If the growing consensus in cognitive science indicates individuals and their minds are products of interactions between bodily processes, environmental factors, and sociocultural influences, then we should to adjust our approach to AI in response. For robots intending to replicate human physiology, a good first step would be to exchange neural networks made from software for ones built from electrical circuits. The Haikonen Associative Neuron offers a solution to this suggestion,16 and when coupled with the Haikonen Cognitive Architecture, is capable of generating the required physiologicalprocesses for learning about the environment.17 Several videos uploaded to YouTube demonstrate a working prototype of a robot built on these principles, where XCR-1 is able to learn associations between stimuli in its environment, similarly to humans and animals.18 Not only is it a better model of animal physiology than robots relying on computer software, the robot is capable of performing a range of cognitive tasks, including inner speech,19 inner imagery,20 and recognizing itself in a mirror.21

So, it seems that some of Arthur Samuel’s fears have been realized, considering machines merely simulate behaviours and processes identifiable in humans and animals. Moreover, the use of ‘intelligence’ is metaphorical at best, as only biological organisms can display true intelligence. If an aspect of Samuel’s concerns related to securing funding within his niche field of study, and its potential to fall out of fashion, he has no reason to worry. Unfortunately, Samuel passed away in 199022 so he would not have had a chance to see the monstrosity that AI has since become.

Even if these new machines were to become capable of sophisticated behaviours, they will always exist as artifacts, objects of human creation and designed for a specific purpose. The etymological root of the word ‘artificial’ alone provides sufficient grounds for classifying these robots and AIs as objects, however, as they continue to improve, this might become difficult to remember at times. To avoid being deceived by these “phony” behaviours, it will become increasingly important to understand what these intelligent machines are capable of and what they are not.

Works Cited

1 Nils J. Nilsson, The Quest for Artificial Intelligence (Cambridge: Cambridge University Press, 2013), 53,

2 Nilsson, 53.

3 Nilsson, 53.

4 Pamela McCorduck, Machines Who Think: A Personal Inquiry Into the History and Prospects of Artificial Intelligence, [2nd ed.] (Natick, Massachusetts: AK Peters, 2004), 97; Nilsson, The Quest for Artificial Intelligence, 53.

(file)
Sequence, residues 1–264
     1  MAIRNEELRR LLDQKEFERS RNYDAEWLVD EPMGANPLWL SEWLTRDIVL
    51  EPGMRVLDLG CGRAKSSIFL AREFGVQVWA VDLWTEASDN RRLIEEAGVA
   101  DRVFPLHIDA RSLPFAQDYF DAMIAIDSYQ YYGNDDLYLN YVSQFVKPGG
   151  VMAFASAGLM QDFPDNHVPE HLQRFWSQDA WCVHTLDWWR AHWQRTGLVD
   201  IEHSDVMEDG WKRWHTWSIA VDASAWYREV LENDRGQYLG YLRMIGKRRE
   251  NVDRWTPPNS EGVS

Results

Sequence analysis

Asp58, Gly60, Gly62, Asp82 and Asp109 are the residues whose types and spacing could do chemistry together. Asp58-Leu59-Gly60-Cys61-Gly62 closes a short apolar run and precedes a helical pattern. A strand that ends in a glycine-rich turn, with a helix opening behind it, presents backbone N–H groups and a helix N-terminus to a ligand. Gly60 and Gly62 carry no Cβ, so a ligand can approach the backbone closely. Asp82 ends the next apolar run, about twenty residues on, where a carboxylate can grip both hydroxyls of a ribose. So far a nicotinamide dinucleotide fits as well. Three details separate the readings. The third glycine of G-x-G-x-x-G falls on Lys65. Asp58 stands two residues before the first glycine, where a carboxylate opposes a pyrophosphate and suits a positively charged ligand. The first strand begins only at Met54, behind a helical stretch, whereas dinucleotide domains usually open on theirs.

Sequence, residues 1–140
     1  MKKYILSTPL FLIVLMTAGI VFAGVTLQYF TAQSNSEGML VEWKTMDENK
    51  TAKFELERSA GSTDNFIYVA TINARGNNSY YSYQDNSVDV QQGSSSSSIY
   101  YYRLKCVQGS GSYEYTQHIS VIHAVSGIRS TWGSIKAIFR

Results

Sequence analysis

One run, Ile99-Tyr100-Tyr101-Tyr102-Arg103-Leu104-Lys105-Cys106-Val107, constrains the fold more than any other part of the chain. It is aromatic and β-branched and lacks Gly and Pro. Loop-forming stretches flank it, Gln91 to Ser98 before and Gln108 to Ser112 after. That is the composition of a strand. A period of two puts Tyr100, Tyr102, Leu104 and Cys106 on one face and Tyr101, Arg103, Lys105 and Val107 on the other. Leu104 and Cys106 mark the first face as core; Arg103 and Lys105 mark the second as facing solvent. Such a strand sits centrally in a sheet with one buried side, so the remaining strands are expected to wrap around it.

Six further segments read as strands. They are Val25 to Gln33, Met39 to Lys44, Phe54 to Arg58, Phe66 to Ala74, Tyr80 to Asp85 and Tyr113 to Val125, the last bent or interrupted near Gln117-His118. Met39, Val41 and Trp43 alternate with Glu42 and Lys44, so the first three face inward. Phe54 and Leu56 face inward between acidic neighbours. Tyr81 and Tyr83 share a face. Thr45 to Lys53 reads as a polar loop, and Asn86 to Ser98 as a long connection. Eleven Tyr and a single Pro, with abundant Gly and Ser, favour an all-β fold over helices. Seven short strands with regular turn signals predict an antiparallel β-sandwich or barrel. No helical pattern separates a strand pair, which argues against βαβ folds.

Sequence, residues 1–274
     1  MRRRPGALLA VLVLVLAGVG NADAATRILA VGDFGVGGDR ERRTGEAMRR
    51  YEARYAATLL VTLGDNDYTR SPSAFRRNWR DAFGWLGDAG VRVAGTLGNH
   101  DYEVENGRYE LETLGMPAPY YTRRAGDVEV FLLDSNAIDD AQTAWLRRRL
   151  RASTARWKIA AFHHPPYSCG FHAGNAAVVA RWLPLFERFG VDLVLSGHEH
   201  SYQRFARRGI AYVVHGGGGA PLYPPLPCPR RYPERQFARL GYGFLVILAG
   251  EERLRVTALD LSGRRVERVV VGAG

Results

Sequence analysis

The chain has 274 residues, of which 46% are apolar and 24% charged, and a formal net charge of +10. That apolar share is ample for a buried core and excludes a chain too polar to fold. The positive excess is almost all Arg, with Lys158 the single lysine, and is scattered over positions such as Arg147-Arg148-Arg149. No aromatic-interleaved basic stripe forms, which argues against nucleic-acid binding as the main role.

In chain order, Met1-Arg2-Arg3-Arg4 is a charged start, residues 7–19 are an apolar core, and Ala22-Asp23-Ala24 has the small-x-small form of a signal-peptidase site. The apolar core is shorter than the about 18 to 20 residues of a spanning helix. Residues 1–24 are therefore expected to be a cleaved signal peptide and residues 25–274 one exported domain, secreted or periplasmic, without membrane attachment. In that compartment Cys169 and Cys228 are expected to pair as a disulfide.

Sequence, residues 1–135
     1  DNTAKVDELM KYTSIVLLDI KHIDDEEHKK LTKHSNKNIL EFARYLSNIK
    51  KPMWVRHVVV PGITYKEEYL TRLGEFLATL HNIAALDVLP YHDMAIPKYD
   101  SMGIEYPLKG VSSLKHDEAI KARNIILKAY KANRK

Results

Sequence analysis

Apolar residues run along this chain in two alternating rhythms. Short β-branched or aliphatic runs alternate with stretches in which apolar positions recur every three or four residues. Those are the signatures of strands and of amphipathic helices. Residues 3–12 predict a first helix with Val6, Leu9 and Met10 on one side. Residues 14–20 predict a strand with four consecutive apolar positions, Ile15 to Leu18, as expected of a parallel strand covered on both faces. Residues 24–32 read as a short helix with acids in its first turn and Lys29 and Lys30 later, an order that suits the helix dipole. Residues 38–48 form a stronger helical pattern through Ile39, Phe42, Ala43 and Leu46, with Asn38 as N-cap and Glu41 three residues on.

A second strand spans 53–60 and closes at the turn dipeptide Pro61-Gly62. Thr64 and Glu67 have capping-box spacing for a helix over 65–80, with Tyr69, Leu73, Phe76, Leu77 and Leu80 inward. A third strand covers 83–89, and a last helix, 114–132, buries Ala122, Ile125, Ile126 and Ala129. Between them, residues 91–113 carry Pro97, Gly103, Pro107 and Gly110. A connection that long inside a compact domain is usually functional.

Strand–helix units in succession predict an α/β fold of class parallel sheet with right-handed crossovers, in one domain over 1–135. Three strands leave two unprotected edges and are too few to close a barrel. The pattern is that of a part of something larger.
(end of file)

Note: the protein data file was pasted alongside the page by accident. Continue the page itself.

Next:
5 Robert Rosen, Anticipatory Systems: Philosophical, Mathematical, and Methodological Foundations, 2nd ed., IFSR International Series on Systems Science and Engineering, 1 (New York: Springer, 2012), 7.

6 ‘Intelligence’, in Merriam-Webster.Com Dictionary (Merriam-Webster), accessed 5 March 2024,

7 ‘Artifact’, in Merriam-Webster.Com Dictionary (Merriam-Webster), accessed 17 October 2023,

8 Douglas Harper, ‘Etymology of Artificial’, in Online Etymology Dictionary, accessed 14 October 2023,; ‘Artifact’.

9 Lynne Rudder Baker, ‘The Ontology of Artifacts’, Philosophical Explorations 7, no. 2 (1 June 2004): 99,

10 Beth Preston, ‘Artifact’, in The Stanford Encyclopedia of Philosophy, ed. Edward N. Zalta and Uri Nodelman, Winter 2022 (Metaphysics Research Lab, Stanford University, 2022),

11 James L. Gould, ‘Animal Artifacts’, in Creations of the Mind: Theories of Artifacts and Their Representation, ed. Eric Margolis and Stephen Laurence (Oxford, UK: Oxford University Press, 2007), 249.

12 Gould, 262.

13 Steven Mithen, ‘Creations of Pre-Modern Human Minds: Stone Tool Manufacture and Use by Homo Habilis, Heidelbergensis, and Neanderthalensis’, in Creations of the Mind: Theories of Artifacts and Their Representation, ed. Eric Margolis and Stephen Laurence (Oxford, UK: Oxford University Press, 2007), 298.

14 Mithen, 299.

15 Mithen, 300–301.

16 Pentti O Haikonen, Robot Brains: Circuits and Systems for Conscious Machines (John Wiley & Sons, 2007), 19.

17 Pentti O Haikonen, Consciousness and Robot Sentience, 2nd ed., vol. 04, Series on Machine Consciousness (WORLD SCIENTIFIC, 2019), 167,

18 ‘Pentti Haikonen’, YouTube, accessed 6 March 2024,

19 Haikonen, Consciousness and Robot Sentience, 182.

20 Haikonen, 179.

21 Robot Self-Consciousness. XCR-1 Passes the Mirror Test, 2020, WE9QsQqsAdo.

22 John McCarthy and Edward A. Feigenbaum, ‘In Memoriam: Arthur Samuel: Pioneer in Machine Learning’, AI Magazine 11, no. 3 (15 September 1990): 10,